11 Things You Need to Know About Auctions
Whether you're a novice just starting out or have been buying properties at auction for years, there are some essentials you need to know before stepping into the auction room. 1. Buyers...
Whether you're a novice just starting out or have been buying properties at auction for years, there are some essentials you need to know before stepping into the auction room.
1. Buyers will generally be appropriate to the specific properties on offer. So, properties for refurbishment will be acquired by builders or individuals for refurbishment with plans to resell or rent. Plots will usually be bought by developers or individuals for self-build. Commercial and mixed use will be bought by occupiers or investors, and tenanted property or HMOs with attractive yields will be sought by medium- to long-term investors. Repolist has a wide range of auction properties on offer.
2. The proportion of private buyers has grown significantly over the years, attracted by the potentail profit opportunities available through auction purchase and refurbishment. First time investors have also grown, as have first time buyers purchasing for personal occupation.
3. The choice of auction room is determined by the property and currently around 80% of all auction lots are sold through auction rooms in the region they are being offered, rather than through a London sale room. Frequently the prices achieved by London auctioneers for regional properties is below that delivered through local auction rooms. On this basis, buyers will usually pay less for a property in Manchester or Leeds that is being auctioned in London than through a local auction room.
4. Hold off from bidding until other interest is evident in the room as the property could get withdrawn and a below reserve offer could secure it post-auction. Bid wisely rather than wildly and communicate your intent to the auctioneer. Set yourself a maximum amount you're willing to bid ahead of the auction starting - this will help keep you focussed.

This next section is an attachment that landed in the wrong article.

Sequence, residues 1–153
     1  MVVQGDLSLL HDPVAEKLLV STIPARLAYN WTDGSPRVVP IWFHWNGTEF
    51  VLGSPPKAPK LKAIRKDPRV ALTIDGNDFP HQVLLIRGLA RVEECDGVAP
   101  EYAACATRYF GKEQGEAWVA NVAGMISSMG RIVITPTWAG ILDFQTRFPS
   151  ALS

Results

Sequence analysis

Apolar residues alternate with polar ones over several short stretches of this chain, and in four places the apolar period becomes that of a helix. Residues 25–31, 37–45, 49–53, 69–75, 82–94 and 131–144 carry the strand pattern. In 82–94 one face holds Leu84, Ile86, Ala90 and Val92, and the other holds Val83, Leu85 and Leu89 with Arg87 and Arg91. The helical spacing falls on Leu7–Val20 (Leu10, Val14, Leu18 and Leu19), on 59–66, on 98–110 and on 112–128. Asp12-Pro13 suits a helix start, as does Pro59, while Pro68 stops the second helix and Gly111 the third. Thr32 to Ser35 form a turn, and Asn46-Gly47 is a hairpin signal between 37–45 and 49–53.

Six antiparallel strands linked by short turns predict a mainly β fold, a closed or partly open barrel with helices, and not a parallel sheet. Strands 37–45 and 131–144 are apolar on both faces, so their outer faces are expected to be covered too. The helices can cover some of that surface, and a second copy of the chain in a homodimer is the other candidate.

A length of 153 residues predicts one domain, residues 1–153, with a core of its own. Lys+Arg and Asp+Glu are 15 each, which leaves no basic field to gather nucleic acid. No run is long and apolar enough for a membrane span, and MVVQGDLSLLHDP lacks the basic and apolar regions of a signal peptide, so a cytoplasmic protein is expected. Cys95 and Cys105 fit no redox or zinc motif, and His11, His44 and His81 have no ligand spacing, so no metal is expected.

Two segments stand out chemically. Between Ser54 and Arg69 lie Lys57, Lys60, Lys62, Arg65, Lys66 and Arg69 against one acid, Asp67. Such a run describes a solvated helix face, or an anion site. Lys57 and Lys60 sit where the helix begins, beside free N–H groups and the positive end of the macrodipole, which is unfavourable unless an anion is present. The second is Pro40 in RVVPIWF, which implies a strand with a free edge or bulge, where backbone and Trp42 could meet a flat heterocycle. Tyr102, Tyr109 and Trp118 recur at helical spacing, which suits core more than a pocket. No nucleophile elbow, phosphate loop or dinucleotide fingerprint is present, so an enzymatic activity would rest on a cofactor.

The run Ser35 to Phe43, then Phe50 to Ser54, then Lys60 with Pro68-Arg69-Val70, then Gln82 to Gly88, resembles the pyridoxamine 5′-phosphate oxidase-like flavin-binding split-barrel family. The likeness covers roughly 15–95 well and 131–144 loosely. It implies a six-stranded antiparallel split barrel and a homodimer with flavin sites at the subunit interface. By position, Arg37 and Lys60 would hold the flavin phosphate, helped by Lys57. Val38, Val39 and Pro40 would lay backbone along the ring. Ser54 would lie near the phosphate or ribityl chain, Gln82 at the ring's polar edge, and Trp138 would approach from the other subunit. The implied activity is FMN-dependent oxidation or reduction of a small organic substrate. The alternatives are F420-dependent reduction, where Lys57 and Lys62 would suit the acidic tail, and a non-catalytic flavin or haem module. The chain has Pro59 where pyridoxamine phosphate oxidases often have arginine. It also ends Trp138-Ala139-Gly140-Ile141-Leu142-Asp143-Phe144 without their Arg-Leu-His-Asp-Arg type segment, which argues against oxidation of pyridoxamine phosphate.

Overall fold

5. There is a relationship between the guide price and the reserve price – if the lot is offered with a guide price range, the reserve needs to sit within that, if it is offered with a single figure guide the reserve can be no more than 10% ahead of the guide. Properties where there is only one interested bidder will sell at reserve, when many people want the property it will often achieve a figure well ahead of guide/reserve. To find a large selection of auctions properties.
6. If you define developers as anyone purchasing to modify/improve/develop (the widest definition of investors is a purchaser that retains the property for occupation/use by others) then the percentage of auction buyers that fit into this bracket will most likely be over 75%.
7. The norm is that 10% of the purchase price is payable on the fall of the gavel and is collected in the room upon signing contract papers. The balance of 90% is normally due 28 days later, although some completion periods differ and many repossessions are now offered with a 14 day completion period.
8. Best things about buying at auction? The speed of purchase, certainty, chance of getting a bargain and the level playing field and fairness of the system.
9. Worse things about buying at auction? The speed of the process can cause difficulties – buyers need to be focussed and complete their due diligence before auction day. Getting professional advisors to work with the required speed can also be challenging.
10. Auctions are the best way to buy the property you want in a fair and speedy fashion. The system overcomes the long-winded uncertain and frustrating battle frequently experienced in private treaty transactions and the chance of fall-through. To find out more about buying properties at auction.
11. Anything can be put up for auction: stretches of riverbank, a railway bridge over a river on a disused line, a signal box and underground bunkers. That's what makes them so intersting for potential developers.